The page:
Re: [tied] Danubian homeland?

From: Joseph S Crary
Message: 9301
Date: 2001-09-10


Thanks for the help

From what information I could gather this is an outline of the
various Neolithic/Encolithc archaeological cultures of central
temperate Europe.

Again I don't think the calendical dates are as important as the
general sequence. It appears that the Linear Pottery, LBK, and in
some districts the early TRB form a single continuum. This is from
early to the beginnings of intensive agriculture. I'm not entirely
sure why this complex was subdivided? This appears to cover the
processes of local incorporation, aggregation, emergent complexity,
and agricultural intensification. This appears to be followed by a
slow decline and general collapse.

The following TRB, CW, and early GA overall appears to form another
complex that is at the regional scale extremely heterogeneous in
nature. In other words, although these may form a single processional
complex, in anthropological terms these represent a number of
discrete cultures, which because of the nature of the archaeological
evidence, are extremely difficult to specify. Regardless, this group
represents a significant break with the earlier LP and LBK complex.
It doesn't appear that agriculture regained its significance again
until the beginning of the MBA.

The MBA culture of temperate Europe appears to represent another
significant shift although not a complete break with the earlier TRB,
CW, and GA collective complex. Again, I suggest that the reemergence
of local incorporation, demographic aggregation, increased
complexity, and agricultural intensification in the MBA, or temperate
European EBA, provided the same conditions experience in the late LBK
period. From this period on, a relatively strong case can be made for
a regional cultural continuum throughout the Iron Age and into the
proto-historic period. This may have been when the post Anatolian IE-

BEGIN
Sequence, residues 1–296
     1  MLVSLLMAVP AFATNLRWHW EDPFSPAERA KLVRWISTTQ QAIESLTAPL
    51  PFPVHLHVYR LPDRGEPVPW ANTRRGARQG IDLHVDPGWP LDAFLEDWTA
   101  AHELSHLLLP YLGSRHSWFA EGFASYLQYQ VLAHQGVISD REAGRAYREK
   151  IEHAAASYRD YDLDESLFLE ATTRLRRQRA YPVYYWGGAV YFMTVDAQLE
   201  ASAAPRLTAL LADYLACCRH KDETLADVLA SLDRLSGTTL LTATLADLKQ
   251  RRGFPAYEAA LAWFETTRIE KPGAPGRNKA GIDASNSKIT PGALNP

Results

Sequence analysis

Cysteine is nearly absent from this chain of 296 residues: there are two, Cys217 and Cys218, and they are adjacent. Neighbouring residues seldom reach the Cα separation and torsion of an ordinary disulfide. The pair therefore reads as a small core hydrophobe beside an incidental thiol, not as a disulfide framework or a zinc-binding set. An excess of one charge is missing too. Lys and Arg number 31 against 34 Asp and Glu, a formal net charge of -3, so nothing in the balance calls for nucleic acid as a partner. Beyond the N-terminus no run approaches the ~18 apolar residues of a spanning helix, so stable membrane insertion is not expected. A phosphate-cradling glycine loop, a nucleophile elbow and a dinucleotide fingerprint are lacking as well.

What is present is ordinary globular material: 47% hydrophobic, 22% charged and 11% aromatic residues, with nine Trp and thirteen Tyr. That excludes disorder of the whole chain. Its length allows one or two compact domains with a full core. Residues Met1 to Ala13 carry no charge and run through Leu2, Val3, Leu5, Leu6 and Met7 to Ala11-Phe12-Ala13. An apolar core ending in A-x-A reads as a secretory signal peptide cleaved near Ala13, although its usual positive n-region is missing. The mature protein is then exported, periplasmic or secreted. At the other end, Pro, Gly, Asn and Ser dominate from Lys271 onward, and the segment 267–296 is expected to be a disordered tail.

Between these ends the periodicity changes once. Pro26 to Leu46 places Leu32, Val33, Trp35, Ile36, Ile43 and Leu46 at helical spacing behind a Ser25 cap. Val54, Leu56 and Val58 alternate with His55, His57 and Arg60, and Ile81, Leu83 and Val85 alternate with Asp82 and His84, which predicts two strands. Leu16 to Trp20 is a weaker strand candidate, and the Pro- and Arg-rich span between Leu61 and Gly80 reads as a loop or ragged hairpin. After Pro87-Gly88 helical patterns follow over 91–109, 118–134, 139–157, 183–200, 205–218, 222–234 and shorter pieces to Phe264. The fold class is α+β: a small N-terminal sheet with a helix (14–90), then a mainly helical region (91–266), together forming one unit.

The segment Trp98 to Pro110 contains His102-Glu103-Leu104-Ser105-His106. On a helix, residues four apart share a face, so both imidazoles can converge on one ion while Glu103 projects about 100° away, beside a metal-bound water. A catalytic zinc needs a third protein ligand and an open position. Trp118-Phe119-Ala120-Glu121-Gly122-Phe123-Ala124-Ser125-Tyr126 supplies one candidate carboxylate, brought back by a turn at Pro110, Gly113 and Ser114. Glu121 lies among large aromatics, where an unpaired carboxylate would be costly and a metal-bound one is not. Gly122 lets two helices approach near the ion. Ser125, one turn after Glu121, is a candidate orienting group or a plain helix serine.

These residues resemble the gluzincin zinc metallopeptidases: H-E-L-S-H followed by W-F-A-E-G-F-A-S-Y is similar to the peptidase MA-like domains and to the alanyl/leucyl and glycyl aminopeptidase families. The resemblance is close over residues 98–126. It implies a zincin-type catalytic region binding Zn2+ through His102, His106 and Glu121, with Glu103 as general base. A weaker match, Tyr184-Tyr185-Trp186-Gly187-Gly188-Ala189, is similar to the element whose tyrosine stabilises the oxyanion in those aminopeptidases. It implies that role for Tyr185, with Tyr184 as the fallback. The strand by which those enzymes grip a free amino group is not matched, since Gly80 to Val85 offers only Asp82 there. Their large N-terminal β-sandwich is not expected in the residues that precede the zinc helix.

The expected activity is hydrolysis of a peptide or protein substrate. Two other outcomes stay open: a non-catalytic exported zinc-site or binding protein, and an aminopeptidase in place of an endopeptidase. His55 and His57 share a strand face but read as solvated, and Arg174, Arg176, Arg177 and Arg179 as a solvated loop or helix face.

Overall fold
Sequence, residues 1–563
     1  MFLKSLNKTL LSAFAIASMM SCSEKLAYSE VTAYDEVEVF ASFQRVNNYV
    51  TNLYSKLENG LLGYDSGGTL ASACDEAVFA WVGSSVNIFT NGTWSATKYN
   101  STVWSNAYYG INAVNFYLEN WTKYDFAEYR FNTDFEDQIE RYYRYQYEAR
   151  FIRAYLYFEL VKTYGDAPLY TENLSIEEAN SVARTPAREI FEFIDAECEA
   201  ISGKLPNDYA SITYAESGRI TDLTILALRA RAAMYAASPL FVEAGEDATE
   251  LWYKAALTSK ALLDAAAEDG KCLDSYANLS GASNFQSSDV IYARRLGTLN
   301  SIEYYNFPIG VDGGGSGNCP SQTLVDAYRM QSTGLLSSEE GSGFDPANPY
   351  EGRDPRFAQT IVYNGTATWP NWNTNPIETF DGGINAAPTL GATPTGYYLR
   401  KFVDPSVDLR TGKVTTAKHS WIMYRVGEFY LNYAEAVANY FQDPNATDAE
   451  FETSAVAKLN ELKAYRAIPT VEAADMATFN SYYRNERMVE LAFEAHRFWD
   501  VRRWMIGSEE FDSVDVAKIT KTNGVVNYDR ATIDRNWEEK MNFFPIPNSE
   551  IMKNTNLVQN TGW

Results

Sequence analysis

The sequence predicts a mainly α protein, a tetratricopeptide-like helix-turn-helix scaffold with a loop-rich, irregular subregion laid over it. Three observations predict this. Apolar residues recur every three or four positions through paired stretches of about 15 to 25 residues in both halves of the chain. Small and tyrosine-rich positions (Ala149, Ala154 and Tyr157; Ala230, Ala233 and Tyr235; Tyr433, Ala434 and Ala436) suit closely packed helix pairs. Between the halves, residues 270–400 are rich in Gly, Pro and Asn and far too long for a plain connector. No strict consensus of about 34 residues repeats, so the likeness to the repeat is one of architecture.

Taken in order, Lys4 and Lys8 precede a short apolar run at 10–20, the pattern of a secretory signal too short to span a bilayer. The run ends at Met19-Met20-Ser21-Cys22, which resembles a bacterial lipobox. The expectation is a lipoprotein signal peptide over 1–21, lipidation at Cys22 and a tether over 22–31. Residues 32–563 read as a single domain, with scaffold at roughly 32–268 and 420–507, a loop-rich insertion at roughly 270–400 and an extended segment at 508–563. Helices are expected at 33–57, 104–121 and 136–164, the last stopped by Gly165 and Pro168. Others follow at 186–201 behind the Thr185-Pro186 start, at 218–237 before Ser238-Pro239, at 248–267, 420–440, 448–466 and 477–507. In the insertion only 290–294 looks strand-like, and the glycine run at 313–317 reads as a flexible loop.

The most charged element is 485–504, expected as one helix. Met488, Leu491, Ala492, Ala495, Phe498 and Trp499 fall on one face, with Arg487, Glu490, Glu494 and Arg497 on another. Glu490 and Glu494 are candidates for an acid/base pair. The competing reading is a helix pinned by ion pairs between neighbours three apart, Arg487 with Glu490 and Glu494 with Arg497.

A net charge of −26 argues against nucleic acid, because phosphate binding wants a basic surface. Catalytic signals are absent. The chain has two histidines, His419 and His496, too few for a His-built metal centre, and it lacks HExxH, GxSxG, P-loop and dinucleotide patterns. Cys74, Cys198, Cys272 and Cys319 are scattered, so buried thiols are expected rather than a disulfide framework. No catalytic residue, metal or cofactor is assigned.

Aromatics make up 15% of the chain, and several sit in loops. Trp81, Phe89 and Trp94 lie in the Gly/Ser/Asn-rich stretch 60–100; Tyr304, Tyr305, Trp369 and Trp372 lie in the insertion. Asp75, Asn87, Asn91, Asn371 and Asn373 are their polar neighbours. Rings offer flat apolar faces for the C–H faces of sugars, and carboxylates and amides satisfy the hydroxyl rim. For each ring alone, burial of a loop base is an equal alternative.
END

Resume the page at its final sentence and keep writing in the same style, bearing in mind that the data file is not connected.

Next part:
groups first established a solid hold followed by dominance in
central Europe.

I know this sounds too late in time, however I suggest the speed of
linguistic change under specific conditions may have been
significantly underestimated. Any thoughts?

Linear Pottery Culture

Central to northern Balkans and north central Europe
Introduction of agriculture (small-scale short-fallow slash-and-burn
Initial small-scale demographic aggregation
Short-lived small settlements
Introduction of relatively small longhouses
Introduction of a distinct yet Anatolian inspired ceramic assemblage
Flexed inhumation settlement burials
Economy based on domesticated bovine, rudimentary agriculture, and
wild resources

Lengyel Culture or LBK

North-central Poland, Hungary, Czech and Slovak Republics, Austria
and parts of the former Yugoslavia
Agriculture intensification (much more acreage opened by slash-and-
burn operations)
Increased demographic aggregation
Development of relatively stable relatively long-lived fortified
villages and smaller settlements
Larger and more complex Longhouse architecture
Larger flexed inhumation cemeteries
Burials within settlements have a far higher high percentage of
infants and females than those
found in formal cemeteries
Development of formal trash areas
Local manufactured fine-grained sand tempered thick-walled pottery
with vuges and a slightly burnished surface treatment
Introduction of Austrian-Moravian Painted Ware
Large food surpluses evidenced by numerous storage pits
Economy diversified based on specific forms of agriculture,
domesticated bovine and pig, greater exploitation of sheep, goat, and
wild resources
Local flint industries, shell jewelry, and introduction of copper

Funnel Beaker Culture or TRB

Area within the Netherlands, eastern France, Poland, western Ukraine,
Austria, to southern Scandinavia
Decline in agriculture intensification
Demographic dispersal
Primarily small very short-lived settlements situated away from well
watered agricultural land
Several large fortified settlements
Fortified enclosures with formal gates
Small irregular-shaped waddle-and-daub pithouses, small rectangular
surface or elevated porch-houses (from the Horgen Culture area), no
evidence of longhouse architecture?
General midden type trash areas
No evidence of cemeteries and very few burials; flexed inhumation
Introduction of dolmens tombs
No evidence of food surpluses
Economy based primarily on livestock, wild resources, and limited
Copper tools

Corded Ware Culture

Small rectangular houses
Hill top fortified enclosures
No evidence of formal cemeteries; flexed inhumation
Tumulus tombs
Battle axe weapons
Corded ware
Copper tools

Globular Amphora Culture

Small rectangular houses
Hill top fortified enclosures
No evidence of formal cemeteries; flexed inhumation
Tumulus tombs
Battle axe weapons
Globular Amphora ware and Beakers
Copper tools and weapons

I'm now gathering information on the general Beaker and Tumulus
Culture, as this appears to provide an ealier interface with the
Yamnya Culture.

JS Crary